Question about 1996 Geo Metro

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Symptoms of a bad cv joint

My car is making a clunking noise underneath. when i turn & put on the gas is when i really notice it. it also seems like it comes from the the front of the car like underneath the drivers side and passenger side. i can only describe it as a clunking noise. help me please.

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  • hotrod10 Apr 01, 2014

    There's a good chance it is a bad CV joint, but the first thing to check is whether the lug nuts are tight. Been there, done that; replaced a half-shaft (axle) and still had the problem. The lug nuts were loose on the opposite side.

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  • Geo Master
  • 20,706 Answers

X10 , lug bolts,
or even cracked rims
or even bad wheel bearings
or even brake rotor bad. warped.
doing a hands on full inspection (man handling parts)
is the only way, guessing on the net is zero solution.
I can list maybe 25 ways to make noise. on car.
why do that.?

Posted on Apr 21, 2014

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Posted on Jan 02, 2017

  • 14 Answers

SOURCE: 94 Geo Prizm CV or driveaxle?

on this type of vehichle, you have two axles in the front; one going to each side. Chances are that the boot at the axle joint was torn and that is why you are having problem. In teh past people used to replace the boot, this day and age its actually cheaper to replace the axle. So you would need to replace that side of the axle (the half shaft).

Posted on Nov 20, 2008

  • 653 Answers

SOURCE: 94 geo prizm cv joints gone bad.Was driving car

You didn't say if it was automatic or manual, but I think your problem is really your transmission. Put the wheels back on the ground, grab the shafts and try turning them. If they don't turn or move around excessively, you can safely eliminate the CV joints.

Posted on Feb 23, 2009

  • 47 Answers

SOURCE: 1995 geo prizim passenger side axle and cv

there is a snap ring all you have to do is pull hard

Posted on Sep 26, 2009

gandergmm
  • 145 Answers

SOURCE: 1996 geo metro, passenger side half shaft (CV

i use a 3 arm puller to force the shaft out of the hub spline (do not hammer on the cv shaft at all, you will destroy it), and either a pickle fork or a specialy designed ball joint puller to seperate the balljoint from the knuckle. if you dont have a special puller and need to save the balljoint. try using a 6 or 8 foot steel bar to pry down on the lower control arm while another person strikes the knuckle at the balljoint location. note pin retainer type balljoints have a small slot which can be spread open alittle with a cold cut chisel or larg screw driver once the cv shaft is out of the way

Posted on May 28, 2010

jturcotte
  • 7782 Answers

SOURCE: When driving at low speeds and making a turn,

Your CV joint is worn out. Check the cost of an axle--usually less than $100. The labor is about 2-3 hours on a lift.

Posted on Sep 04, 2010

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I just asked this question a minute ago but I want to clarify a little more. Got a buddy of mine who is having a car issue and was hoping you guys could help out. We are wondering if bad CV joints can lead...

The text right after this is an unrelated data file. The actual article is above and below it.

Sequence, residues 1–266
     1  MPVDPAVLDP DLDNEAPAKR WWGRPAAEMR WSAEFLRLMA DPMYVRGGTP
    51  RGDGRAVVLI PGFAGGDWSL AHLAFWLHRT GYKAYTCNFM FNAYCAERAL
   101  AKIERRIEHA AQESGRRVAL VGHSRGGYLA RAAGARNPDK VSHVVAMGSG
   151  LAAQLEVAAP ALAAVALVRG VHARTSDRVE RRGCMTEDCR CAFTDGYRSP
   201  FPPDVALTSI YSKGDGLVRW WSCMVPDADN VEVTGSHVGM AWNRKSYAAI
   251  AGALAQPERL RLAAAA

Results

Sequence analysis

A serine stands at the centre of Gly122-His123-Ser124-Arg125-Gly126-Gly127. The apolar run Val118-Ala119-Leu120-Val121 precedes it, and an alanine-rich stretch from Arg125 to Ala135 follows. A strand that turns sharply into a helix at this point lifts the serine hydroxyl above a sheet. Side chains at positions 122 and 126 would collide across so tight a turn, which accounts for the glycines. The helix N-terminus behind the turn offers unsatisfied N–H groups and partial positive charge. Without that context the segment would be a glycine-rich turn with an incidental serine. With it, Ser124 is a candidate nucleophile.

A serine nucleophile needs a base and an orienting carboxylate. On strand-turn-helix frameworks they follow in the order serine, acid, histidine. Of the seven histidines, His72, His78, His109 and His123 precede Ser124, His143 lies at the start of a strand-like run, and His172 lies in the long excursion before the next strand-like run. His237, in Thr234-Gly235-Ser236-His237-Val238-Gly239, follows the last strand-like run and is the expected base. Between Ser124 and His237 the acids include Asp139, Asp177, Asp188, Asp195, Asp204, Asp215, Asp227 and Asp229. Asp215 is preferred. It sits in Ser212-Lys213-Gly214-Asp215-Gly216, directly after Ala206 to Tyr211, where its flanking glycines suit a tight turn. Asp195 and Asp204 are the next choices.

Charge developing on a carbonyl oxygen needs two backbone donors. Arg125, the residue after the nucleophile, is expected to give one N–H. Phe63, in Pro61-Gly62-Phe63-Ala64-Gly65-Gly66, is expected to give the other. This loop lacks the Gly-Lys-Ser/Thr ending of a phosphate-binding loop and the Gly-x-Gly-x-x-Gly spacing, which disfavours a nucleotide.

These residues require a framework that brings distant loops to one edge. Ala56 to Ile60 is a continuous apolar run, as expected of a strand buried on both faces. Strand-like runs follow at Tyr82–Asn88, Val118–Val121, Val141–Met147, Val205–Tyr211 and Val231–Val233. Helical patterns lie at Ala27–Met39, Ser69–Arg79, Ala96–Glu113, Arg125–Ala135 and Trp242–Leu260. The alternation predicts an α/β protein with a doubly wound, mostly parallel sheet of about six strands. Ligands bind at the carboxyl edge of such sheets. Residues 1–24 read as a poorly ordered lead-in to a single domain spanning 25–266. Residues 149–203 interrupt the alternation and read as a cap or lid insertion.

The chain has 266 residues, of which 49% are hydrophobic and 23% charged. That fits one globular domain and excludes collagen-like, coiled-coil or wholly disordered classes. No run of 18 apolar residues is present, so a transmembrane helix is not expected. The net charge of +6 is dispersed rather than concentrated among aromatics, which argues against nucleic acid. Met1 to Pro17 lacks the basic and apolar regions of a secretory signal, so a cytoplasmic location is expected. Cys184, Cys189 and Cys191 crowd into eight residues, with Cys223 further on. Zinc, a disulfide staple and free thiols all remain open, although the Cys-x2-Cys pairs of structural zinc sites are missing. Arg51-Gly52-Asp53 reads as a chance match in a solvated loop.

Much of the symptoms you describe sound like a CV joint. I would take it to the dealer and insist that it be fixed... What is bothering me though is under normal operating conditions, CV joints and boots are engineered to last upwards of 150,000 miles. Some go the distance, but a lot reach the end of the road far short of their design life. According to one major aftermarket supplier of replacement axle shafts, CV joint shafts are typically being replaced at anywhere from 70,000 miles to 130,000 miles.

Read this and see if you agree...
SYMPTOMS OF CV JOINT FAILURE
Bad boots are not the only thing you need to look for. You also need to listen for noise or complaints that might indicate a CV joint problem. These include:

  • Popping or clicking noises when turning. This almost always indicates a worn or damaged outer CV joint. To verify this condition, place the vehicle in reverse, crank the steering wheel to one side and drive the vehicle backwards in a circle (check the rearview mirror first!). If the noise gets louder, it confirms the diagnosis and the need for a new CV joint or replacement shaft assembly.
  • A "clunk" when accelerating, decelerating or when putting the transaxle into drive. The noise comes from excessive play in the inner joint on FWD applications, either inner or outer joints in a RWD independent suspension, or from the driveshaft CV joints or U-joint in a RWD or AWD powertrain. The same kind of noise can also be produced by excessive backlash in differential gears. To verify the condition, back the vehicle up, alternately accelerating and decelerating while in reverse. If the clunk or shudder is more pronounced, it confirms a bad inner joint.
  • A humming or growling noise. Sometimes due to inadequate lubrication in either the inner or outer CV joint, this symptom is more often due to worn or damaged wheel bearings, a bad intermediate shaft bearing on equal length halfshaft transaxles, or due to worn shaft bearings within the transaxle.
  • A shudder or vibration when accelerating. May be caused by play in the inboard or outboard joints, but the most likely cause is a worn inboard plunge joint. Similar vibrations can also be caused by a bad intermediate shaft bearing on transaxles with equal length halfshafts, or by bad motor mounts on FWD vehicles with transverse-mounted engines.
  • A vibration that increases with speed. This symptom is rarely caused by a failing CV joint. An out-of-balance tire or wheel, an out-of-round tire or wheel, or a bent rim are the more likely causes.

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